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## Algebra 1

### Unit 9: Lesson 1

Introduction to arithmetic sequences- Sequences intro
- Intro to arithmetic sequences
- Intro to arithmetic sequences
- Extending arithmetic sequences
- Extend arithmetic sequences
- Using arithmetic sequences formulas
- Intro to arithmetic sequence formulas
- Worked example: using recursive formula for arithmetic sequence
- Use arithmetic sequence formulas

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# Worked example: using recursive formula for arithmetic sequence

CCSS.Math: ,

Example finding the 4th term in a recursively defined arithmetic sequence.

## Video transcript

- [Instructor] We are
told b of one is equal to negative seven, and b of n is equal to b of n minus one plus
12, and they're asking us to find the fourth term in the sequence. So what we have up here, which you could use a function definition, it's really defining
the terms of a sequence. Especially if are to input
whole numbers in here, it's the index on your sequence. What we really wanna do
is, we wanna figure out what is b of four going to be equal to? Well if we just blindly apply this, we would say all right b of four, so be of n, is equal to
b of n minus one plus 12, so it's gonna be b of
four minus one plus 12. Well four minus one is just three, so it's going to be equal
to b of three plus 12. All I did is said okay, well
we're not trying to figure out, or we're not immediately
trying to figure out what b of one is. We're trying to figure
out what b of four is, so n is equal to four, so b
of four is going to be equal to b of four minus one,
or b of three, plus 12. To evaluate this, we have to
figure out what b of three is, so let's write that down. That's what's fun about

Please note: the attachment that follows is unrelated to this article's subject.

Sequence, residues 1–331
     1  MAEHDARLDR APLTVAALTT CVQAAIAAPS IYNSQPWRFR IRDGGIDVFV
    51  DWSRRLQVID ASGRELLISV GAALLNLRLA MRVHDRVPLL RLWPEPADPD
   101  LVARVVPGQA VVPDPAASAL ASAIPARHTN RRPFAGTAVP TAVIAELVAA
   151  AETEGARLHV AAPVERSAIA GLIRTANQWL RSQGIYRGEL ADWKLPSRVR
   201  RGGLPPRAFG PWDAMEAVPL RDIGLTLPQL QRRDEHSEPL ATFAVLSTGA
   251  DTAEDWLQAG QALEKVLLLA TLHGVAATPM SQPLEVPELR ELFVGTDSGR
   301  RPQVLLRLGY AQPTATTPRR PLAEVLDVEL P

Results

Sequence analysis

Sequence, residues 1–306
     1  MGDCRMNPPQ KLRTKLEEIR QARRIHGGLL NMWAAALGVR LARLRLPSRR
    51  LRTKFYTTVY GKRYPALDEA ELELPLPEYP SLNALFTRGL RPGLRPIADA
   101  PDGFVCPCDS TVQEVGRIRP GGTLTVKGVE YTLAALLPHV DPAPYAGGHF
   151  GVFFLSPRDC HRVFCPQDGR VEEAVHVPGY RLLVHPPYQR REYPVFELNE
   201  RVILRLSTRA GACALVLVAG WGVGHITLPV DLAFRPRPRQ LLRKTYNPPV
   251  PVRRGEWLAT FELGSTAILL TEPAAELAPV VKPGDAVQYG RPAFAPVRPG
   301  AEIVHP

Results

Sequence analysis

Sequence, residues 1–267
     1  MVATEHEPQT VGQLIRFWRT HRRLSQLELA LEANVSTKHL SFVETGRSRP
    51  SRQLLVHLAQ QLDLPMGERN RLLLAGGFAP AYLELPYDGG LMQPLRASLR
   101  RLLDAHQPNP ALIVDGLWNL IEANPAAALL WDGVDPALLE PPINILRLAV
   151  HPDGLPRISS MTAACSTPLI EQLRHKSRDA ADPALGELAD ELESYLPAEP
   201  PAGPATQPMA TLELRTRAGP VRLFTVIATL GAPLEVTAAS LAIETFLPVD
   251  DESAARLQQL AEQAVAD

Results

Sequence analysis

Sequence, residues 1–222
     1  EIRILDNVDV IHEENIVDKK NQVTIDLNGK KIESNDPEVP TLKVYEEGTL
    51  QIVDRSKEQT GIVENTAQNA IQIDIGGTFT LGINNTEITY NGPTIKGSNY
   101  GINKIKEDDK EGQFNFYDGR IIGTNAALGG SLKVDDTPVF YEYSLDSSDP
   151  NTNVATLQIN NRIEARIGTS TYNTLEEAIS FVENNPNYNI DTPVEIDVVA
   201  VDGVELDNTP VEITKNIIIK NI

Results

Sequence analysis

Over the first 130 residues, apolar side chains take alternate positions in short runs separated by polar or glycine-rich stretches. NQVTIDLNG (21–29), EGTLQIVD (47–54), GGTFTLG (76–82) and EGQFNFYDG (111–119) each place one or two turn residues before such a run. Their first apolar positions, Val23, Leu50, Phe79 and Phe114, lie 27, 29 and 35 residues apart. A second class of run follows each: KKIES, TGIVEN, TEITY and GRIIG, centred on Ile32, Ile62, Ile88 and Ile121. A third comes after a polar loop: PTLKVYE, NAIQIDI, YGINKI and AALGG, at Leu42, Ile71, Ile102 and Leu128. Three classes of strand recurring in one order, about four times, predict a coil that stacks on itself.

a recursive definition. You have to keep recursing
backwards, so b of three. Well if n is three, that's
going to be equal to b of, now n minus one is two, b of two plus 12. We don't know what b of two
is, so let's keep going. We need to figure out b of two. If we use the same definition,
b of two is going to be equal to b of two minus one plus
12, so b of two minus one. That's b of one plus 12, but
we don't know what b of one is, so let's figure that out. B of one is equal to, well
here we can finally use this top clause, so b of one
is equal to negative seven. Now we can go and fill everything back in. If b of one is equal to negative
seven, then we know that this right over here is negative seven, and now we can figure out
that b of two is equal to negative seven plus 12
which is equal to five. If b of two is equal to
five, well then this is equal to five right over here,
and then now we know that b of three is equal to five plus 12 which is equal to 17. If we know that b of three is equal to 17, then we're ready to calculate
what b of four is going to be. B of four is now, it's b of three, which we figured out was 17 plus 12 which is equal to 29, and we are done.